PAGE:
Joseph Romilly

From Wikipedia, the free encyclopedia
Jump to: navigation, search

Joseph Romilly (1791–1864) was an English academic administrator, known as a diarist.


He was son of Thomas Peter Romilly of London, by his cousin Jane Anne, second daughter of Isaac Romilly. Sir Samuel Romilly was his uncle. He entered Trinity College, Cambridge, in 1809, became a scholar of the college, and graduated B.A. in 1813 as fourth wrangler. He was elected Fellow in 1815, and proceeded M.A. in 1816.[1] He took holy orders, but he never held any preferment, except that he was rector of the family living of Porthkerry, Glamorgan, from 1830 to 1837,[2] and chaplain to Thomas Musgrave, Archbishop of York, who had been a friend at Trinity.

He belonged to the liberal party in the university, led by George Peacock and Adam Sedgwick, Romilly's intimate friend. In 1821 he joined the committee for promoting a subscription in the university to aid the Greeks in their war of independence. He was one of the party who successfully opposed the petition which it was planned should be presented in 1829 against Catholic emancipation. He opposed Christopher Wordsworth, then master of Trinity, on the question of Connop Thirlwall's dismissal in 1834.

On 23 March 1832 he was elected registrary of the University of Cambridge after a competition with Temple Chevallier, and remained in this office until 1861, when he retired. His major work as registrary was the arrangement and cataloguing of all the university papers. He died suddenly at Yarmouth, of heart disease, on Sunday 7 August 1864, and was buried in a vault in Christ Church, Barnwell.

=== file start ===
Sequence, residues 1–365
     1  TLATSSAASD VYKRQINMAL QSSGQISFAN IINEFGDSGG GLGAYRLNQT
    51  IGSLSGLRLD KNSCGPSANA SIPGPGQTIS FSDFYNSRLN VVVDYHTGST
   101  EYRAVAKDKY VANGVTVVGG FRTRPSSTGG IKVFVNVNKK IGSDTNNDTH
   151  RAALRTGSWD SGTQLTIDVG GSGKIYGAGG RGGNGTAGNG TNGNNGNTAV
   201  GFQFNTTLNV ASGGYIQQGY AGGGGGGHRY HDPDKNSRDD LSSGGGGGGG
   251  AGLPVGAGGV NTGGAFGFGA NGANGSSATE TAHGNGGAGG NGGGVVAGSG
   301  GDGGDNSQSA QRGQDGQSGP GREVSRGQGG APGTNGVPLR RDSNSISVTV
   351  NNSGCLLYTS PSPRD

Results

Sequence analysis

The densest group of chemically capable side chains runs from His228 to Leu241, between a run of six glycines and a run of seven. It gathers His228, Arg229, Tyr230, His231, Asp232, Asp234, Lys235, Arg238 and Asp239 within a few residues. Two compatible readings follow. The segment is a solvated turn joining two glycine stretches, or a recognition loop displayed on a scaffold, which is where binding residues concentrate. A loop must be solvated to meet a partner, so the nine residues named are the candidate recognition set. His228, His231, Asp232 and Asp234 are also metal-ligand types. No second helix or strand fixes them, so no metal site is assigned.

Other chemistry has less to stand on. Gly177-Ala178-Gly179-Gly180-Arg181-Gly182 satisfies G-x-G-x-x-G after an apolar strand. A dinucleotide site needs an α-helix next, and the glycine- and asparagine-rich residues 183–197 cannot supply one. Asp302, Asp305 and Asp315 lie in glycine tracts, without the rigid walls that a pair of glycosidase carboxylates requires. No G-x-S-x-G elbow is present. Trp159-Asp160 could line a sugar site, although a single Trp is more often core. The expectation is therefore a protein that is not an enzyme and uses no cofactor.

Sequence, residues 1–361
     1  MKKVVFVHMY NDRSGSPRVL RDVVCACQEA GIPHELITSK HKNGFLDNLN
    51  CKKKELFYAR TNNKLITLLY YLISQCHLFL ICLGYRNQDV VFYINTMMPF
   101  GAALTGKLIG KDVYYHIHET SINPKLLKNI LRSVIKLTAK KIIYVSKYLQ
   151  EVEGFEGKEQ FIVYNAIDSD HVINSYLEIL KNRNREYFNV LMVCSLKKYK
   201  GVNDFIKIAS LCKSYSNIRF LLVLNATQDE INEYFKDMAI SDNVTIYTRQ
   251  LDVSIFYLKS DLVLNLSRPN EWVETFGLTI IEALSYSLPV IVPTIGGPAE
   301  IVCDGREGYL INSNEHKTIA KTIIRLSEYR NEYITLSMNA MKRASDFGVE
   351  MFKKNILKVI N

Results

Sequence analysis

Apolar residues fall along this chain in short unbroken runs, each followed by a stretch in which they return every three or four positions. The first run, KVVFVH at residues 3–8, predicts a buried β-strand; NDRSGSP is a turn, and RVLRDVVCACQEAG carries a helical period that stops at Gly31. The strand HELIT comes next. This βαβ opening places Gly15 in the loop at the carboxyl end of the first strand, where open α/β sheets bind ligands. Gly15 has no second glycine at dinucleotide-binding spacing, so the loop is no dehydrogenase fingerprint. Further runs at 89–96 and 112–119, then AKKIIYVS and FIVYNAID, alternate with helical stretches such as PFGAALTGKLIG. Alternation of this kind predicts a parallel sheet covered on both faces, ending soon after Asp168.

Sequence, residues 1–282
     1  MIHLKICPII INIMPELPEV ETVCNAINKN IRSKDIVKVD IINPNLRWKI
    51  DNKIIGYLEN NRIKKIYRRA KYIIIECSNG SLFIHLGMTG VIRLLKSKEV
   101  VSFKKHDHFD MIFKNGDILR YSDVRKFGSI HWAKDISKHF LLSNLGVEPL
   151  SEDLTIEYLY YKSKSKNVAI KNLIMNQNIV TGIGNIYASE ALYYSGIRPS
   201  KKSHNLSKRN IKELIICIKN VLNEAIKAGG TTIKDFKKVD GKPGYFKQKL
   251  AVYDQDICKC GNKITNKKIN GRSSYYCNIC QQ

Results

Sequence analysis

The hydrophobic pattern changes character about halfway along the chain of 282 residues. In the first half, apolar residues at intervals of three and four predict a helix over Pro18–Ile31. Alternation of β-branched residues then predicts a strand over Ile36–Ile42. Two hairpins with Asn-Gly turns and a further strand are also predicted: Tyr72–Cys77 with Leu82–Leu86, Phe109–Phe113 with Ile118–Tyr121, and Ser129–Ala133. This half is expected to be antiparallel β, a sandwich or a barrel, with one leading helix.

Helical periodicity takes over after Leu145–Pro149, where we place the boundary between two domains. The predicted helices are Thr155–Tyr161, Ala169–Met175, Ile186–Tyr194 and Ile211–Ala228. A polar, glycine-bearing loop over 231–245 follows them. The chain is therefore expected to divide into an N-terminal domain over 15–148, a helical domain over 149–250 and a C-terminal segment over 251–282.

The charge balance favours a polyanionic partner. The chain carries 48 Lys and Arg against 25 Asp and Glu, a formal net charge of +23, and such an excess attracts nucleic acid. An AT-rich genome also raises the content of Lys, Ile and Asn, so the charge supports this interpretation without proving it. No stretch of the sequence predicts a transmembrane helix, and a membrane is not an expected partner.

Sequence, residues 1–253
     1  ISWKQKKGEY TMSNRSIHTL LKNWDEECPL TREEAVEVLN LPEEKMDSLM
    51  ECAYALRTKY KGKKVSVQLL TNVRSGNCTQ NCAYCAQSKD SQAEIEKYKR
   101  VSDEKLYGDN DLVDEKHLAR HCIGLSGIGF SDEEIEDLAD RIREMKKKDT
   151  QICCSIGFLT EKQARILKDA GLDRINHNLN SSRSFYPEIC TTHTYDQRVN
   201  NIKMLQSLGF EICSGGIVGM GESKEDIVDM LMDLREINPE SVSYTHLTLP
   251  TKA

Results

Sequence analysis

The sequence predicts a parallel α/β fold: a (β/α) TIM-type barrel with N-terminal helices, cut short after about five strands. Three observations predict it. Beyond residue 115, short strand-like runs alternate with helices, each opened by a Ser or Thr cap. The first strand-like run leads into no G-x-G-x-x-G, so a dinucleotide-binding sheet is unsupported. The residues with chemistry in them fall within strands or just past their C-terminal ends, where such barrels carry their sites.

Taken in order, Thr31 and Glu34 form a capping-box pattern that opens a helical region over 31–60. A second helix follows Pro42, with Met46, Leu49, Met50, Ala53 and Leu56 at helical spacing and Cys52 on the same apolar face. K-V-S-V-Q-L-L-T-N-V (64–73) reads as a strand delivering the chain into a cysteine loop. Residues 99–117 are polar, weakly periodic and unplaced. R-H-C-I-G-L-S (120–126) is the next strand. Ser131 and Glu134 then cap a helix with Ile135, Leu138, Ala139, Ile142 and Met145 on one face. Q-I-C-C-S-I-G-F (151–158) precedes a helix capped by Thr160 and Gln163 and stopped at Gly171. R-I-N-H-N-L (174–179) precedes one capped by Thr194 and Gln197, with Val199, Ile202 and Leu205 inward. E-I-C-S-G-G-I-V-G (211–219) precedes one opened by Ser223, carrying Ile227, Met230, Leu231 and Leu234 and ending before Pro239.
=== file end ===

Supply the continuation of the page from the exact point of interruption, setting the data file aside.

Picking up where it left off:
From 1832 till his death he kept a diary, which has been used by the authors of the Life of Adam Sedgwick; it contains nearly as much about Sedgwick as about its author. An edited version has been published as Romilly's Cambridge Diary, 1832–42: Selected Passages from the Diary of the Rev. Joseph Romilly, Fellow of Trinity College and Registrary of the University of Cambridge (2009), edited by John Patrick Tuer Bury.

He also edited Graduati Cantabrigienses, 1760–1856, which was published at Cambridge in 1856.


  1. ^ "Romilly, Joseph (RMLY808J)". A Cambridge Alumni Database. University of Cambridge. 
  2. ^ M. G. R. Morris, Romilly's Visits to Wales 1827-1854 (Gwasg Gomer, 1998), p. xviii.

 This article incorporates text from a publication now in the public domain"Romilly, Joseph". Dictionary of National Biography. London: Smith, Elder & Co. 1885–1900.